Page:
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Copper Tip Energy Services
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Copper Tip Energy

Oil Gains as US Stockpiles Tighten Ahead of Driving Season

These translations are done via Google Translate
(Bloomberg) Oil rose for a second day after US crude and gasoline stockpiles declined further as motorists prepare to take to the road for the summer driving season.

West Texas Intermediate futures surpassed $111 a barrel after data on Wednesday showed crude inventories at the storage hub in Cushing, Oklahoma, slumped to the lowest since March, and that motor fuel supplies declined to the lowest seasonal level since 2014. Global crude markets have been tightened by a combination of rebounding demand and disruption to Russian supplies.

Crude inventories at Cushing fall to lowest level since March

“The fundamental backdrop is getting price supportive as the driving season is approaching,” said Tamas Varga, an analyst at brokers PVM Oil Associates Ltd. in London. “The summer might be hot — and not just temperature-wise.”

American retail gasoline prices have repeatedly broken records in the run-up to the driving season that starts this weekend. However, motor fuel demand is showing some signs of stress, tumbling on a rolling four-week basis, data released Wednesday by the Energy Information Administration show.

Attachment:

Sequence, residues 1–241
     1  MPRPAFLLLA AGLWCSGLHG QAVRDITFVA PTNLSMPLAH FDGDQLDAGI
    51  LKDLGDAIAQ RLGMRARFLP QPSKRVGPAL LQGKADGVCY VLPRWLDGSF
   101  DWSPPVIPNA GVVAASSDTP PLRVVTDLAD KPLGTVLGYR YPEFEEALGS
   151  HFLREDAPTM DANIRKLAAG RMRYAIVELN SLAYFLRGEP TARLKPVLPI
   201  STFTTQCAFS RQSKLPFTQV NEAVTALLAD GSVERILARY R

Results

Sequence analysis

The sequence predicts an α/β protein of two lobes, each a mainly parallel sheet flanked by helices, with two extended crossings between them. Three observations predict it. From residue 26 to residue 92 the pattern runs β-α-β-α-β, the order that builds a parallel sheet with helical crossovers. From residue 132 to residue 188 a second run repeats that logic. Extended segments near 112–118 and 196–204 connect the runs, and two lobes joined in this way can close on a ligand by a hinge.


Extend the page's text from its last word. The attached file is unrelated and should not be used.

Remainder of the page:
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Crude has seen a tumultuous period of trading since the end of February after Russia’s invasion of Ukraine upended trade flows and fanned inflation, while Covid-19 outbreaks in China have damped demand in the biggest importer. Oil markets are balanced but companies need to invest more in production to meet rising demand and prevent even higher volatility, according to Saudi Aramco.

  • WTI for July delivery rose 0.7% to $111.08 a barrel on the New York Mercantile Exchange at 10:24 a.m. in London.
  • Brent for July settlement gained 0.5% to $114.65 a barrel on the ICE Futures Europe exchange.

Crude stockpiles at Cushing dropped by 1.06 million barrels last week to 24.78 million barrels, while nationwide inventories fell for a second week, the EIA said. Gasoline storage levels dropped by 482,000 barrels. Gulf Coast refiners are running at the highest rate since January 2020.

“Supplies for both crude and fuels are tight, and demand — especially from the west — is robust, and that’s likely to push up prices for the next month or two,” said Will Sungchil Yun, senior commodities analyst at VI Investment Corp. “However, there are still concerns about a slowdown in the global economy.”

Chinese Premier Li Keqiang said the nation’s economy is in some respects faring worse than in 2020 when the pandemic first emerged, urging efforts to reduce a soaring unemployment rate. Strict lockdowns to curb the spread of the virus have strained economic activity and sapped fuel demand.

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